Gen. David Petraeus & The Dragon Lady

Fox News is already comparing the Petraeus Affair to Watergate. White House paralysis is gleefully anticipated at Fox, just days after the election. What did the president know, and when did he know it?

To what can we compare the misadventures of Gen. David H. Petraeus, director of the CIA, no less, and Paula Broadwell, his esteemed biographer from Harvard (and herself a former Army officer)?

Gen. Dwight D. Eisenhower and his wartime driver come instantly to mind. But Kay Summersby was a young woman who volunteered for the British Mechanized Transport Corps during the darkest days of World War II. She earned her stripes driving an ambulance in London throughout the German bombardment of the city. Following that heroic service, she was assigned to chauffeur Gen. Eisenhower, the administrative genius who planned the invasion of Normandy. They both had critical wartime jobs to do and served with distinction. The circumstances of their alleged affair seem like a fairy tale in comparison to the story of Patraeus and The Dragon Lady.

The King of England and the divorcee from Baltimore (and, gasp, a commoner)? King Edward VIII and Wallace Simpson were both single and wished to marry. Seems like a normal enough plan for a couple in love. But Edward was ensnared by the Medieval rules of royalty and religion. I suppose it was scandalous at the time. But a king relinquishing the throne for the woman he loves has at least some of the romantic and honorable elements of an actual royal fairy tale.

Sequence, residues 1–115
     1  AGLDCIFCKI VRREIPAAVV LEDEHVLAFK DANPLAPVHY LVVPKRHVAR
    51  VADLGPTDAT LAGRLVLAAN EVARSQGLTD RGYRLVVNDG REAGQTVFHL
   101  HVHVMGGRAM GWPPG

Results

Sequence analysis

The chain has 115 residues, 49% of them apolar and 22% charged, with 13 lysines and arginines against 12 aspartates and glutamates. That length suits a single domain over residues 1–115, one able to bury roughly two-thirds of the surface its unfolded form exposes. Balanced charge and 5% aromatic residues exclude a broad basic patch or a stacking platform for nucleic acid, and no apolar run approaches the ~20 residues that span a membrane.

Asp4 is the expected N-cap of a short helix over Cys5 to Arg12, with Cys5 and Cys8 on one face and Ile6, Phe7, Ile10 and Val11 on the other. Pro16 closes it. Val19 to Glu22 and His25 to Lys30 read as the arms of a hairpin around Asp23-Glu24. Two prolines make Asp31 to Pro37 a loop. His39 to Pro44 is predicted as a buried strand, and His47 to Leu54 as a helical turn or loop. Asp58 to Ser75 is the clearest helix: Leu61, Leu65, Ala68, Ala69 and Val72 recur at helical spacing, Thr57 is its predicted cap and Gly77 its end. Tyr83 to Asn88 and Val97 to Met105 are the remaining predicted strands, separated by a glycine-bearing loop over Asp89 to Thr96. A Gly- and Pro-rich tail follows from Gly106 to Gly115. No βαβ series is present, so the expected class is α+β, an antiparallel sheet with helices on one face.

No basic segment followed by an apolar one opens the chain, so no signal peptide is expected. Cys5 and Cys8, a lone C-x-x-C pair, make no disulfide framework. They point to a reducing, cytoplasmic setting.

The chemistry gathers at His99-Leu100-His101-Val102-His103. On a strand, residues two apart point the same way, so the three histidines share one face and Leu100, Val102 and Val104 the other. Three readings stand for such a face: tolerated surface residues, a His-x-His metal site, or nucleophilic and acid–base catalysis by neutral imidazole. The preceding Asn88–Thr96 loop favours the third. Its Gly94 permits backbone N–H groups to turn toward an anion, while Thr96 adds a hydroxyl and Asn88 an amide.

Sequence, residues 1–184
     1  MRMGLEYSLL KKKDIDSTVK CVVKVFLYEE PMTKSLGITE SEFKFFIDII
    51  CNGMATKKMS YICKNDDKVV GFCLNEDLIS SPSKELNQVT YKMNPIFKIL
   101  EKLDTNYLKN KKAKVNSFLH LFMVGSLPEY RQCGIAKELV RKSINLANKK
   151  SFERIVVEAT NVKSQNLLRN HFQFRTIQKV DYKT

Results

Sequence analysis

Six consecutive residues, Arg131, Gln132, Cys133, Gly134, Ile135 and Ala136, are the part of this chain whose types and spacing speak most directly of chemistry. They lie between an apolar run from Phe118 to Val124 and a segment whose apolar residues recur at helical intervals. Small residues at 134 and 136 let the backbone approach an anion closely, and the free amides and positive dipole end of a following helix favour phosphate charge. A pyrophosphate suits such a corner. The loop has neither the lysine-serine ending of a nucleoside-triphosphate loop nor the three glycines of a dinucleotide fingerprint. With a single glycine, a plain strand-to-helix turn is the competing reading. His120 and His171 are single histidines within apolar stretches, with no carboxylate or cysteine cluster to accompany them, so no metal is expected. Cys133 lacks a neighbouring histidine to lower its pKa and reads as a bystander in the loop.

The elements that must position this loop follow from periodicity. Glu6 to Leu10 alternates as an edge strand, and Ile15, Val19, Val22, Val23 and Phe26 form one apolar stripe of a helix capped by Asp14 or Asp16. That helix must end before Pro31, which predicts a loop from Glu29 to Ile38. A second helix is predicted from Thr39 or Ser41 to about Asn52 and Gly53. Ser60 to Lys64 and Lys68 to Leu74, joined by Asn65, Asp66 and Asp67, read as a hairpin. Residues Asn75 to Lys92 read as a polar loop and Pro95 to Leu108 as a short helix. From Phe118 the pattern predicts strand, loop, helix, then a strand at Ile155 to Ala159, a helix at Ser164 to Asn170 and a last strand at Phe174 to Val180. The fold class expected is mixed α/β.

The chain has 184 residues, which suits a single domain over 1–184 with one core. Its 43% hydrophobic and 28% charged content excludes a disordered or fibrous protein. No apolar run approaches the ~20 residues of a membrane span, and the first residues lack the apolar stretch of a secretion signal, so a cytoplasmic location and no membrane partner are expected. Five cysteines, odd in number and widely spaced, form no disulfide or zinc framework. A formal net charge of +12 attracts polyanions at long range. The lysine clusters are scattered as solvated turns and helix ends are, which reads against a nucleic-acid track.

Samson and Delilah? Now there’s a possibility. We have to hope that The Dragon Lady has no foreign entanglements.

Petraeus & Broadwell. Two human beings endowed with a rare combination of physical beauty, athletic vigor, and superstar intellectual ability. Add the famous aphrodisiac known as POWER. All of it is exceeded only by the magnificence of their hubris.

— John Hayden

4 thoughts on “Gen. David Petraeus & The Dragon Lady

  1. I haven’t paid much attention to this story, mostly because some of the most brilliant leaders of our time seem to fail in the arena of personal integrity. There is a degree of hubris inherent in being a leader – no reason to assume that it wouldn’t affect other areas of their lives.


    • Yes, it’s amazing how many people, men especially, have reached the pinnacle of success and then throw it all away on a whim or a fling. Most often, their downfall is in answering the siren call of a younger, beautiful woman. It’s like they have a death wish. As more women attain the pinnacle of success, perhaps will also behave in similar ways.


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